8. Assumptions The final product of this project is exposed and vulnerable to weather and rough conditions. Since this project is assumed to only be used at night and on paved surfaces, I did not spend any resources on making this project weather proof, terrain proof, or aesthetically pleasing (the wiring).

  9. Proposed Solution • Steps taken to solve the problem: • Brainstorming • Learning and Designing (Arduino coding) • Writing Code • Choosing and ordering parts • Assembling hardware • Installing hardware • Testing code • Rewriting code • Future improvements

  10. Brainstorming I brainstormed the entire duration of the project as I was faced with new challenges and options: • Platform – Arduino, Attiny 167, etc • Road Bike vs new commuter bike • Number of LEDs, colors, size of arc • Which functions/variables to use in Arduino – millis(), arrays, float, long, attachInterrupt

  11. Learning and Designing • I didn’t formally design any diagrams or schematics (except some flow charts) for the purpose of aiding in the building of the system, but I made some for the presentation. • I had to learn a TON about Arduino to pull this project off. I used the Arduino learning page and YouTube to do this. • Majority of time spent researching the millis() function as that is the primary function driving my project. • I also researched a lot about arrays to shrink the size of my code considerably.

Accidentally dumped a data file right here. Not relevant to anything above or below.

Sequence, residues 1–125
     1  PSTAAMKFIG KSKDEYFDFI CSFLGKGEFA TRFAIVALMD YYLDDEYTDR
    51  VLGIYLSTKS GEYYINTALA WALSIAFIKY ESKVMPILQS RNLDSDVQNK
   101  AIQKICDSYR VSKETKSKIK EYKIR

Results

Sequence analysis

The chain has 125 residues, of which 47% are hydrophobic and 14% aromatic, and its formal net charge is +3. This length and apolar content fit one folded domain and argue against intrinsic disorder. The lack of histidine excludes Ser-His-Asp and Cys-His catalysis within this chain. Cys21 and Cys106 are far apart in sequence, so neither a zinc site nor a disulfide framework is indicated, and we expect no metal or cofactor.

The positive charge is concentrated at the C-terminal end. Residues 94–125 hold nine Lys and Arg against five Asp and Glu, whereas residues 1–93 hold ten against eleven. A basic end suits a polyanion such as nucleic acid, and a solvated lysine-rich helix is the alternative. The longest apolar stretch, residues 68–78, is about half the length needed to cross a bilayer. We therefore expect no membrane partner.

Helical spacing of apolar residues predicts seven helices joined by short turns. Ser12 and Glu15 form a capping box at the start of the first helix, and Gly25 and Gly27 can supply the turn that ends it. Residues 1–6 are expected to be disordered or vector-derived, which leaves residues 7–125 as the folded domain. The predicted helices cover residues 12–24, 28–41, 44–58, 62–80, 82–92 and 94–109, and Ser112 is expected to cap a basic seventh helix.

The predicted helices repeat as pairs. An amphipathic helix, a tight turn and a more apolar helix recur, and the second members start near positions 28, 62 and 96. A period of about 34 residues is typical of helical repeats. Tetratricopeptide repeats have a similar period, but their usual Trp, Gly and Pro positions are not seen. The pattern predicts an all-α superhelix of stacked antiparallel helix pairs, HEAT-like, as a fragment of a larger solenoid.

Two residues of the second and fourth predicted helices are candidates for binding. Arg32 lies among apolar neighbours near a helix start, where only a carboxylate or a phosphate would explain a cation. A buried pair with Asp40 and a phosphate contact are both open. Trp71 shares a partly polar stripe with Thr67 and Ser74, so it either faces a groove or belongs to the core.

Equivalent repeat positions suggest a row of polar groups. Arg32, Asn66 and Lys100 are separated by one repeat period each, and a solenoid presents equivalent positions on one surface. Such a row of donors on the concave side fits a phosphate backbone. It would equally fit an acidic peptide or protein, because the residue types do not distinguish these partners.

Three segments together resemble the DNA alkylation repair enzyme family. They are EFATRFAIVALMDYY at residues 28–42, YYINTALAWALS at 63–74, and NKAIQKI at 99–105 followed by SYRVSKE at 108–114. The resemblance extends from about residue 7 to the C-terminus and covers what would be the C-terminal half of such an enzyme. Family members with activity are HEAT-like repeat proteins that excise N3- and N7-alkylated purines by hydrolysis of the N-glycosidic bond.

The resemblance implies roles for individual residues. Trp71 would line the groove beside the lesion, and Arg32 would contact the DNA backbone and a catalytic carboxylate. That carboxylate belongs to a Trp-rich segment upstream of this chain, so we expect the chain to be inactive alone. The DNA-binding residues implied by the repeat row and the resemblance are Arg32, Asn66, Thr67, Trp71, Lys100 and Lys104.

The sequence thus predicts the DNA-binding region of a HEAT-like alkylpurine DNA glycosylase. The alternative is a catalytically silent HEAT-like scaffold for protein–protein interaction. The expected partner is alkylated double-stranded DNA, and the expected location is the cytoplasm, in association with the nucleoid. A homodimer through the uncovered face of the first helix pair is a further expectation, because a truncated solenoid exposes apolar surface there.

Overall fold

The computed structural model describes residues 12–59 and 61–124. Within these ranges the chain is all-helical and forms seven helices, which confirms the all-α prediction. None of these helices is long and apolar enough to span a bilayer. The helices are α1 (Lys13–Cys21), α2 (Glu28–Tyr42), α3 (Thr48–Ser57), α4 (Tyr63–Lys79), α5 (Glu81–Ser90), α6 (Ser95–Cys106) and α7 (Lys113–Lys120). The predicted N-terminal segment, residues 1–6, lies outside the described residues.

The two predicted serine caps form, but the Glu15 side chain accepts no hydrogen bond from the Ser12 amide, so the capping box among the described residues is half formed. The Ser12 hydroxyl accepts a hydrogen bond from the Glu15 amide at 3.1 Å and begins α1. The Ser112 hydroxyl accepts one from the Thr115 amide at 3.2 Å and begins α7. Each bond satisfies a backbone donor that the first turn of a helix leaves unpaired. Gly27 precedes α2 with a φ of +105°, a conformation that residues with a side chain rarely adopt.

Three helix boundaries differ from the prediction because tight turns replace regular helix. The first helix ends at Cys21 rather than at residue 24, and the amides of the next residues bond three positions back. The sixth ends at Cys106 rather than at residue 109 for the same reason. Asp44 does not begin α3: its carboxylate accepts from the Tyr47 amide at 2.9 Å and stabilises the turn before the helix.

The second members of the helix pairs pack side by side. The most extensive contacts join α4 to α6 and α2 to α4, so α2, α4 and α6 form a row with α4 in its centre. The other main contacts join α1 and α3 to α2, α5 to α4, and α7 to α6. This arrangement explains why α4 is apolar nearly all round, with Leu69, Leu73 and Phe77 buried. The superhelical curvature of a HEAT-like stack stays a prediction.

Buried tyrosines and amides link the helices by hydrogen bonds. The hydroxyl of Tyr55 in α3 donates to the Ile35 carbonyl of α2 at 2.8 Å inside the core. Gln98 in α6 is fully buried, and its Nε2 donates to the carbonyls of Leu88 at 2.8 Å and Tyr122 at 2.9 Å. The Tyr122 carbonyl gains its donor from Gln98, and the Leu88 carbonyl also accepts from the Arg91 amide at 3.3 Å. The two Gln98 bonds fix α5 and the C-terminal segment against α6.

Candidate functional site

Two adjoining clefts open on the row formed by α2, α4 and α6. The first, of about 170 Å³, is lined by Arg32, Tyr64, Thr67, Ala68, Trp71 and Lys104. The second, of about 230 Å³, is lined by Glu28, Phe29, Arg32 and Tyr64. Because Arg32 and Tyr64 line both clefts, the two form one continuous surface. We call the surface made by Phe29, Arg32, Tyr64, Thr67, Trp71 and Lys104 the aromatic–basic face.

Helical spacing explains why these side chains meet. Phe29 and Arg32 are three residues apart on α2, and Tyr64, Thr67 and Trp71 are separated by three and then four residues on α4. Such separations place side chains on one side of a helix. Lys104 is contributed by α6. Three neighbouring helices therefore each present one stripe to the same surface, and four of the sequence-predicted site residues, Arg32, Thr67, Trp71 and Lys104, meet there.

12. Grand total of 200 lines of code

  13. Writing Code • I spent weeks pouring through the tutorials on Arduino’s main page and watching YouTube videos. • I had help from my friend Henry who is a software developer. • Creating a flow chart was a huge help. • Trial and error before installing the hardware – I plugged the strands into a breadboard and watched the sequence of lights. • Testing the code that way was difficult because it was impossible to tell if the arc was correct without the lights spinning.